Garlands made of the above flowers, when worn by the woman, produce
the same effect.


An ointment made of the fruit of the asteracantha longifolia
(kokilaksha) will contract the yoni of a Hastini or Elephant woman,
and this contraction lasts for one night.


An ointment made by pounding the roots of the nelumbrium speciosum,
and of the blue lotus, and the powder of the plant physalis flexuosa
mixed with ghee and honey, will enlarge the yoni of the Mrigi or Deer
woman.


An ointment made of the fruit of the emblica myrabolans soaked in the
milky juice of the milk hedge plant, of the soma plant, the calotropis
gigantea, and the juice of the fruit of the vernonia anthelmintica,
will make the hair white.


The juice of the roots of the madayantaka plant, the yellow amaranth,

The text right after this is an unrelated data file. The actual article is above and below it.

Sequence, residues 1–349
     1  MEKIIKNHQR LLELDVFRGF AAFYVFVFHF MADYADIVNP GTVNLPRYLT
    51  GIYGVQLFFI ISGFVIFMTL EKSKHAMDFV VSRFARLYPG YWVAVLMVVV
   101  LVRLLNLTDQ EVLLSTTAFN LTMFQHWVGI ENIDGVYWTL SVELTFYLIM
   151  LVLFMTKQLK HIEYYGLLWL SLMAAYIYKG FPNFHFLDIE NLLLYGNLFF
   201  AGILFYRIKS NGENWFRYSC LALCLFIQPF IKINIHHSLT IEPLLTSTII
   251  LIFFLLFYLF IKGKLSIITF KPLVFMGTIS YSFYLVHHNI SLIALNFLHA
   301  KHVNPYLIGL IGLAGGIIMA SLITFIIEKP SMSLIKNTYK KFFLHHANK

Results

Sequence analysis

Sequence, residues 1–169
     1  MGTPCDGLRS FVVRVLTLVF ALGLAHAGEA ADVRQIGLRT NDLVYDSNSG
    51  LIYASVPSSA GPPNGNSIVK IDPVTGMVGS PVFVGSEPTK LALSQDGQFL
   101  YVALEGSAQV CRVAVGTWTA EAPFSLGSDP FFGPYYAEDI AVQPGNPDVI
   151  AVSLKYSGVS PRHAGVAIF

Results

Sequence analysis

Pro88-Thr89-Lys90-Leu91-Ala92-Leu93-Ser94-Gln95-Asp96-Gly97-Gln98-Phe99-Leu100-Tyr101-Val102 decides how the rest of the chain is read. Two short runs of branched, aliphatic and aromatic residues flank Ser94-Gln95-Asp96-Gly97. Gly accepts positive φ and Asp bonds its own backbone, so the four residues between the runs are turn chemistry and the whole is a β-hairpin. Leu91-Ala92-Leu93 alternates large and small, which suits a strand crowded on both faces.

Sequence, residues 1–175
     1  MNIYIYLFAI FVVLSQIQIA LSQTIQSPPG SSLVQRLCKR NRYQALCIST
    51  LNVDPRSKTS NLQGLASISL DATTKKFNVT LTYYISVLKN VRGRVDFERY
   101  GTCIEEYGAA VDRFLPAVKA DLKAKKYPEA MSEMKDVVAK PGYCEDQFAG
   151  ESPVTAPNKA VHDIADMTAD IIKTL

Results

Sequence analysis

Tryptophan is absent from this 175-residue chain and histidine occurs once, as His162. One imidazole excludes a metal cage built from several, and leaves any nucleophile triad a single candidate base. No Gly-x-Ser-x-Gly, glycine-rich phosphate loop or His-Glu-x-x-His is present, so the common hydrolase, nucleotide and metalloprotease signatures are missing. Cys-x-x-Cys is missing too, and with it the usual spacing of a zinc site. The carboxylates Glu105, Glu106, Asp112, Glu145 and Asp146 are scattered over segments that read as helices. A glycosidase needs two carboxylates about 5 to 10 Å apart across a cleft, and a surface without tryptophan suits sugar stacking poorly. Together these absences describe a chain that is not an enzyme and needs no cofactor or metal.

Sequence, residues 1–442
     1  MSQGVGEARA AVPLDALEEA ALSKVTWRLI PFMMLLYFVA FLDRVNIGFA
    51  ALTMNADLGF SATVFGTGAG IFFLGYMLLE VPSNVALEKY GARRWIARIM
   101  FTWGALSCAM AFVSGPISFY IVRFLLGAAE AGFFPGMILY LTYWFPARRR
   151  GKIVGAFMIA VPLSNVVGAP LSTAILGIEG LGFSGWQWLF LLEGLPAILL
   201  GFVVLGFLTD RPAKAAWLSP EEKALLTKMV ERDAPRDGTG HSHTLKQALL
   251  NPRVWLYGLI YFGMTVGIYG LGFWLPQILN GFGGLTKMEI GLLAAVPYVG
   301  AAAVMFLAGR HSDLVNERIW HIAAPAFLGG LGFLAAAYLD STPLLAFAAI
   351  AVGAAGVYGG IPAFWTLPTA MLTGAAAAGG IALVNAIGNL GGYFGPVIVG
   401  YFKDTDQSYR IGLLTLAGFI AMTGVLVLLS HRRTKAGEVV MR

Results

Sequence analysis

the anjanika plant, the clitoria ternateea, and the shlakshnaparin
plant, used as a lotion, will make the hair grow.


An ointment made by boiling the above roots in oil, and rubbed in,
will make the hair black, and will also gradually restore hair that
has fallen off.


If lac is saturated seven times in the sweat of the testicle of a
white horse, and applied to a red lip, the lip will become white.


The colour of the lips can be regained by means of the madayantika and
other plants mentioned above.


A woman who hears a man playing on a reed pipe which has been dressed
with the juices of the bahupadika plant, the tabernamontana coronaria,
the costus speciosus or arabicus, the pinus deodora, the euphorbia
antiquorum, the vajra and the kantaka plant, becomes his slave.


If food be mixed with the fruit of the thorn apple (dathura) it causes
intoxication.


If water be mixed with oil and the ashes of any kind of grass except
the kusha grass, it becomes the colour of milk.


If yellow myrabolans, the hog plum, the shrawana plant, and the
priyangu plant be all pounded together, and applied to iron pots,
these pots become red.


If a lamp, trimmed with oil extracted from the shrawana and priyangu
plants, its wick being made of cloth and the slough of the skins of